Monday, May 5, 2008

Solutions for Violent Communities starting in the Community

As the weather gets nicer, the recent spurt of violence in Chicago has made national news. In the New York Times, there was an article written by Northwestern professor Alex Kotlowitz, featured in their Sunday magazine about an organization in Chicago called CeaseFire, which sends intermediaries from the communities where the violence is occurring to intervene and prevent violence from happening or at the very least prevent retaliatory actions after a violent act has occurred. Often the intermediaries (or "interrupters" as they like to call them) are former gang members who were community leaders and who have built a network of trust in the community. Many of them have served prison sentences and view their work with CeaseFire as giving back to the community that they caused violence in.

What makes CeaseFire so unique is that it was founded by Dr. Gary Slutkin, who was a doctor working in parts of Africa where there epidemics of cholera and tubercliosis before he moved back to his hometown of Chicago. Dr. Slutkin believes that violence in a community is just like a disease epidemic and in order to combat this disease of violence, you need to go to the source and work with them.

The position of CeaseFire viewing violence as a literal epidemic, is a position that Cabrini Connections also takes. In the past, Dan Bassill has used public health terms in his blog to discuss various issues in poor communities such as the drop out epidemic (see his April 20th blogpost on "Mapping Drop Out and Public Health Issues" for the most recent article to touch on this issue).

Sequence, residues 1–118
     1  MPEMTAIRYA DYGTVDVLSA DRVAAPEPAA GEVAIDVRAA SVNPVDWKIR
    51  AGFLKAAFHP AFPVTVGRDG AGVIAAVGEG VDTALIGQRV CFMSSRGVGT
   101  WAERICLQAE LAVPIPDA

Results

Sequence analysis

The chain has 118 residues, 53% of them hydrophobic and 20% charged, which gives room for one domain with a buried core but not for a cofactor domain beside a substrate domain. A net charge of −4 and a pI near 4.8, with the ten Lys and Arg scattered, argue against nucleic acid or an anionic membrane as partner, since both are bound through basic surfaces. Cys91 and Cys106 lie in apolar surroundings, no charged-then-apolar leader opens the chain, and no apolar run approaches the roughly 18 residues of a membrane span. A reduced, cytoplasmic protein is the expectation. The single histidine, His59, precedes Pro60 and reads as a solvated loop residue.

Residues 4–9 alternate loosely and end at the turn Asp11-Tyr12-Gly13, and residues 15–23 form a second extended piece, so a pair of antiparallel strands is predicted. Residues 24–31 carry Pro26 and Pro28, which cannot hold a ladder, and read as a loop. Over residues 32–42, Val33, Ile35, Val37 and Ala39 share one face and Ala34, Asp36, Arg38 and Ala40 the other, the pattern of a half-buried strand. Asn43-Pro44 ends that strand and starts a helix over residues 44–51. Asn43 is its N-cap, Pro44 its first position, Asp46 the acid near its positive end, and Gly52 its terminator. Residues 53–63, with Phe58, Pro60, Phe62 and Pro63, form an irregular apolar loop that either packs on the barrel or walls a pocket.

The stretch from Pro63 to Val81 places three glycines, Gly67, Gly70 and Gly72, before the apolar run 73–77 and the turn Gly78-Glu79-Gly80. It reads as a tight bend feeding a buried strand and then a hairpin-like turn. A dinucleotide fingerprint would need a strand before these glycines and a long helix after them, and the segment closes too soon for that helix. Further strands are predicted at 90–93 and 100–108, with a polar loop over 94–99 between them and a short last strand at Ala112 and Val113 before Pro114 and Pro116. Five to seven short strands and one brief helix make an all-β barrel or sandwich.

Another point of view that Cabrini Connections shares with CeaseFire is that the members of a community are the keys to changing the community for the better. We believe that the parents, grandparents, churchleaders and general community leaders are vital allies in our campaign to improve kids' lives. A wonderful example of community members working to make their community better is an article in last Friday's Chicago Sun-Times the group of moms in the Back of the Yards neighborhood who have joined together along with churches and the police department to combat the cycle of violence that has been rampant in their neighborhood and others. Some of these moms have children who are members of gangs or who are connected to gangs, but these moms have courageously spoken out against the influence of gangs to not only protect their kids, but everyone else in the community as well.

1 comment:

Tutor Mentor Connections said...

Hi Nicole,

Thanks for the articles you are writing and for your role in helping organize the Tutor/Mentor Leadership and Networking Conference. I just read an article this morning that I think you'll enjoy. It shows the value of

I believe that volunteer-involvement in a tutor/mentor program, expands the network for the volunteer and can benefit him/her in a career, and in life.

If we make these programs available and teach this habit of networking to kids living in isolated poverty, then we give them the power of these networks, and that's a gift that can change a lifetime.

If companies view tutoring/ mentoring from this perspective, they will become strategic about encouraging volunteer involvement in multiple programs, and in more roles than just the tutor/mentor.

We can't communicate that message unless we can get the attention of
business leaders, and get them to use the conferences and other T/MC resources as learning tools for developing their own networks, and strategies.

Thus I encourge people who read Nicole's blog, or other tutor/mentor blogs to use your own communications skills, and your networks on Linkedin, facebook, and other sites (see to spread this message so that we can get more people to sign up for the conference, our our web forum, and use these as their own networking and learning event.


Dan Bassill